Authors : Jesani, Amar; Iyer, Aditi
Published Year: 1995
In Our lives, Our Health, New Delhi, Coordination Unit, World Conference on Women, Beijing, Edited by Malini Karkal, August 1995, pp. 114-130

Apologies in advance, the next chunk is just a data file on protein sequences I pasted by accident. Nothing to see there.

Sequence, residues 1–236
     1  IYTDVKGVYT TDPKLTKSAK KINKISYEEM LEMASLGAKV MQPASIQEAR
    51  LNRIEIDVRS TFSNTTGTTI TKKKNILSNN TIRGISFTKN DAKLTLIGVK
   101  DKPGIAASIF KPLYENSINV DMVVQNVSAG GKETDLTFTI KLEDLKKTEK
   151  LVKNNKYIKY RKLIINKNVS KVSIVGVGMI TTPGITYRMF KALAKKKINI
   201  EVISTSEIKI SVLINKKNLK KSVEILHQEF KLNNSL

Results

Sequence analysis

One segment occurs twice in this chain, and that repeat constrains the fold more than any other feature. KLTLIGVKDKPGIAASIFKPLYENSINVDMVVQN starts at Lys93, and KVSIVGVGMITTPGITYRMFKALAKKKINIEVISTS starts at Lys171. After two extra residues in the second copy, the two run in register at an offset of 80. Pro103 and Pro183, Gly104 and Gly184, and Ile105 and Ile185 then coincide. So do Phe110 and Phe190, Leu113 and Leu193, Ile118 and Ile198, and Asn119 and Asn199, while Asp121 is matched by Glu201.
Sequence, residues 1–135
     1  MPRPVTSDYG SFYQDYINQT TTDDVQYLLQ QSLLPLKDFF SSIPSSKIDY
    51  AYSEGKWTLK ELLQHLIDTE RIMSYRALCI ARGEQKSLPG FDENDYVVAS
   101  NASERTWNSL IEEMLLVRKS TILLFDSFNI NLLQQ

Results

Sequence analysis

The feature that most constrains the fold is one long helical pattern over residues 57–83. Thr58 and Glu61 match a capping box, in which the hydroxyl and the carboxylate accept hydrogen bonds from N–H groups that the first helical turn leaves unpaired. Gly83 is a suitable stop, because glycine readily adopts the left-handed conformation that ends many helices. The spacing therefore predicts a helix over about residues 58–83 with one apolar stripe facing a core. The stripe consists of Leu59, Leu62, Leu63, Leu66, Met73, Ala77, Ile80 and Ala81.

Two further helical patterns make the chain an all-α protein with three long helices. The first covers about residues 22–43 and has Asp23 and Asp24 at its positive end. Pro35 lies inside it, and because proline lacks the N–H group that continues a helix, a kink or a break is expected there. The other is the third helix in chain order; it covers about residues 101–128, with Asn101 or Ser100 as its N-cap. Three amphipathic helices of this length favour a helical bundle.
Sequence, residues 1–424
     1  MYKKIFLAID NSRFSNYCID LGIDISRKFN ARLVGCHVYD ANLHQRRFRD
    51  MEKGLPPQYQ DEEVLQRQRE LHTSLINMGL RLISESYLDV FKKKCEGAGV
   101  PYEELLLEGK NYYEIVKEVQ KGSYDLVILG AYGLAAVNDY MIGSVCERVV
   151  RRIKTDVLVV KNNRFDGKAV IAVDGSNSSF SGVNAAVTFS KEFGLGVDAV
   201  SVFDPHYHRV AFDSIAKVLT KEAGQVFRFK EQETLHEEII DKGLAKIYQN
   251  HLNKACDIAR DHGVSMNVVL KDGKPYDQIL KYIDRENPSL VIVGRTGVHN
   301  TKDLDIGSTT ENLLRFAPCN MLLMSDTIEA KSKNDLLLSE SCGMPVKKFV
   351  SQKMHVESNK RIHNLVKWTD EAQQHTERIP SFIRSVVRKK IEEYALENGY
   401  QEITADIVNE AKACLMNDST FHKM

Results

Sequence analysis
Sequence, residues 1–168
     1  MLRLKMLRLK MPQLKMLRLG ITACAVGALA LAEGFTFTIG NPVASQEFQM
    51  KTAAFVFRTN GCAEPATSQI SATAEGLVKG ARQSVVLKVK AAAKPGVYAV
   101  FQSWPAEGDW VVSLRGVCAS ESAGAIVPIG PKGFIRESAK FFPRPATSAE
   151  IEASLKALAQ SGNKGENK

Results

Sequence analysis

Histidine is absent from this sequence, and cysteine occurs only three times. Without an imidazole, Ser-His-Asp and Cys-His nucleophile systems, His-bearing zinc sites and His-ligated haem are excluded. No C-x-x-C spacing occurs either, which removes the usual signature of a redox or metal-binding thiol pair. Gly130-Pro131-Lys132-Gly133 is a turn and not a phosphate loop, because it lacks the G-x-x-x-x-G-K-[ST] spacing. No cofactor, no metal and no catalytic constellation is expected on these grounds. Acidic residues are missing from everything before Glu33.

Through history, women have practised forms of birth control and abortion. These practices have generated intense moral, ethical, political and legal debates since abortion is not merely a technomedical issue but "the fulcrum of a much broader ideological struggle in which the very meanings of the family, the state, motherhood and young women's sexuality are contested" (Petchesky R.P, 1986: vii). Women have overtly or covertly resorted to abortion, but their access to services has been countered by the imposition of social and legal restrictions, many of which have origin in morality and religion. The norms governing the ethics of abortion have been constantly remoulded to suit the times and the social contexts in which they are set. Despite the dissimilarities in their construct, intent and orientation, these norms have invariably been directed to the fulfilment of social needs that do not recognise women's right to determine their sexuality, fertility and reproduction. This paper reviews the abortion scenario with particular reference to India. A brief historical account of the role of the medical profession in criminalising and decriminalising abortion services is followed by a discussion on the politics of abortion in India. An analytic review of the abortion situation in India provides the reader with information about legal and illegal abortions and the paper concludes by placing the issue of abortion in the context of social (rather than individual) needs and rights.